Itaú BBA - CHILE – Trade deficit in July

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CHILE – Trade deficit in July

agosto 7, 2019

Weak global demand amid limited domestic demand would keep the CAD above 3% of GDP

In July, Chile recorded the first trade deficit since October last year, as imports rebounded in part due to fuel purchases. As oil prices plummet amid the recent intensification of global trade tensions, fuel imports are likely to moderate ahead. Mining exports continued to fall, but there was some recovery from manufactured good sales. Overall, a USD 29 million trade deficit was registered in July (USD 275 million surplus one year earlier), surprising to the downside given the Bloomberg market consensus of a USD 325 million surplus and our USD 200 million call. As a result, the rolling 12-month trade surplus narrowed to USD 3.4 billion, from USD 4.7 billion in 2018, USD 7.4 billion in 2017. The rolling trade balance is at its lowest level since September 2016. Additionally, our seasonally adjusted series shows a USD 3.2 billion (annualized) trade surplus in the quarter ended in July, down from USD 3.6 billion in 2Q19 and USD 5.1 billion in 1Q19.

Mining remained a key export drag in July, while food exports led the first growth of manufacturing sales since January. Total exports dropped 4.6% yoy in July, resulting in a 7.5% fall in the quarter ended in July (similar to 2Q19, -3.9% in 1Q19). Mining fell 9.3%, the sharpest quarterly decline since mid-2016. The improved performance in the month of July meant that the quarterly manufacturing drag diminished (-4.7% yoy). At the margin, exports fell 8.7% qoq/saar, some moderation from the double-digit decline in 1Q19 and 2Q19, led by manufacturing exports.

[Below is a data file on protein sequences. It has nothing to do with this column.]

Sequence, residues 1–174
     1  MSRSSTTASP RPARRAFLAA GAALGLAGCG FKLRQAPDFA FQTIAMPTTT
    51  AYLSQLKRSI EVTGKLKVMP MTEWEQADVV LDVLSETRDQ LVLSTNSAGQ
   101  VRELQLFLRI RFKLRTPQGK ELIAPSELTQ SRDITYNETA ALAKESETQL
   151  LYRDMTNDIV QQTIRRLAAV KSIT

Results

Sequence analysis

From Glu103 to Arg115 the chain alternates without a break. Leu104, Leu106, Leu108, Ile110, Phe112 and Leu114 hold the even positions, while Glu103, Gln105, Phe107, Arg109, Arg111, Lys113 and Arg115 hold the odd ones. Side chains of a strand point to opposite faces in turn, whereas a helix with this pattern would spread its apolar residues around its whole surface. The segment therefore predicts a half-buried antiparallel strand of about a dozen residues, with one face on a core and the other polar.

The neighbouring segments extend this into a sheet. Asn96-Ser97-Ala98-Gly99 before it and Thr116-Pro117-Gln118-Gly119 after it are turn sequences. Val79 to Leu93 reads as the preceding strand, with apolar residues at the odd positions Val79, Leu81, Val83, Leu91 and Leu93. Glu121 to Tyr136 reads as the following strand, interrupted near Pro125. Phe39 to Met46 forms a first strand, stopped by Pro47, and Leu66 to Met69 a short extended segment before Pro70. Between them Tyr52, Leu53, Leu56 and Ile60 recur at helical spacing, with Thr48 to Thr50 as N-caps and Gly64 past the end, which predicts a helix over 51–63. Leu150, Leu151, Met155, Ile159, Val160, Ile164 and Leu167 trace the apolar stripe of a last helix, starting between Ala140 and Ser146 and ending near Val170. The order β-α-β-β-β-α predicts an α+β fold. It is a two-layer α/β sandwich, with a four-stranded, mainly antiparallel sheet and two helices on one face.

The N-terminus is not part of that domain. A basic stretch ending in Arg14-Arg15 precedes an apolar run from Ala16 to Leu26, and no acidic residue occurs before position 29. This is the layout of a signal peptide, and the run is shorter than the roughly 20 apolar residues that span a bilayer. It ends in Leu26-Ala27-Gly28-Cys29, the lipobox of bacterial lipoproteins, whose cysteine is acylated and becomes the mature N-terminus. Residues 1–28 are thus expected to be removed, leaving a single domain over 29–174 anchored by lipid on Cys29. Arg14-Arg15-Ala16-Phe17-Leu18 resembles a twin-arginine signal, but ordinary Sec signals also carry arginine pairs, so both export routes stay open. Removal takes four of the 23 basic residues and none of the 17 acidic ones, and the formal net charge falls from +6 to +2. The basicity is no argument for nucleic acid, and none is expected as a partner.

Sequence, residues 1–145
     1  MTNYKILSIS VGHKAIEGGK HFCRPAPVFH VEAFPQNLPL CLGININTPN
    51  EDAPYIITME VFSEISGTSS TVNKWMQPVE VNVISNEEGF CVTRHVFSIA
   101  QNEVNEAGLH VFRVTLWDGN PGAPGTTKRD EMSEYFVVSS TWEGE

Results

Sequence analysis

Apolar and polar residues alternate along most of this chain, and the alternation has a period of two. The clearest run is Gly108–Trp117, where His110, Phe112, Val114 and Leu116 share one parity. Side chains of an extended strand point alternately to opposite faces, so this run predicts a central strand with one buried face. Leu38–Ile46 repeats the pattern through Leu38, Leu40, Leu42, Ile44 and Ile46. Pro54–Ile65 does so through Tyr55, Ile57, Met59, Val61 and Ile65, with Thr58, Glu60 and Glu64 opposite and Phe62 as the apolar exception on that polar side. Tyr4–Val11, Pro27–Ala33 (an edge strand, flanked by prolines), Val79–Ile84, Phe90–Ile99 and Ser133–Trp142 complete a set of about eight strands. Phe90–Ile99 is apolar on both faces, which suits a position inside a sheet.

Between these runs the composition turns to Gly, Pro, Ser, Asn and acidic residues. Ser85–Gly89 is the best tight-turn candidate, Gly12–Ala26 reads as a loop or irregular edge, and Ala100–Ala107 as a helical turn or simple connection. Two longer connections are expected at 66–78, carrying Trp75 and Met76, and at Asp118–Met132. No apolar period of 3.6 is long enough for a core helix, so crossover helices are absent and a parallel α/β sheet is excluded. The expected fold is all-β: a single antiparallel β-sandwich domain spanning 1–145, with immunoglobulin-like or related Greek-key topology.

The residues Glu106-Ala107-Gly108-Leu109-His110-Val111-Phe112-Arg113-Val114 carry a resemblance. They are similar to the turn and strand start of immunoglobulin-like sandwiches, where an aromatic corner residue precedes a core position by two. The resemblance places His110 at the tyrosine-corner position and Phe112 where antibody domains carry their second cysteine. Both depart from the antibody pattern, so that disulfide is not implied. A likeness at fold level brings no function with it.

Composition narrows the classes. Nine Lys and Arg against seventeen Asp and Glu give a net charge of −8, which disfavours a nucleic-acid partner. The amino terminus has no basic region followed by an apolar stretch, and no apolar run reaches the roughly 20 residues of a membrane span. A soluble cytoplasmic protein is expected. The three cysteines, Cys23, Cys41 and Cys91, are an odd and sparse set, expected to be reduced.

Imports grew 0.5% yoy in July, the first positive print in the last five months, aided by the 17% rise in fuel imports and a diminished drag from consumer goods imports. Excluding fuels, imports contracted 0.5%. On the consumer goods front, the reduced drag (from -18.3% in June to -2.8% in July) was due to apparel imports returning to growth, while durable goods imports still contracted at near double-digit rates. With consumer confidence staying at low levels, private salaried job shedding and limited wage pressures, consumption dynamism is unlikely to pick up ahead. Capital goods imports in July returned to mild growth. In the quarter ended in July, total imports shrunk 6.0% yoy (7.6% drop in 2Q19; +0.1% in 1Q19), with consumption imports the key drag (-9.3% yoy), while imports of capital goods worsened to a 2.5% decline (-1.5% in 2Q19 and +2.5% in 1Q19). At the margin, imports fell 2.2% qoq/saar.

Weak global demand amid limited domestic demand would lead to a current account deficit of 3.2% of GDP this year, ticking up 0.1pp from last year.

 

Miguel Ricaurte
Vittorio Peretti



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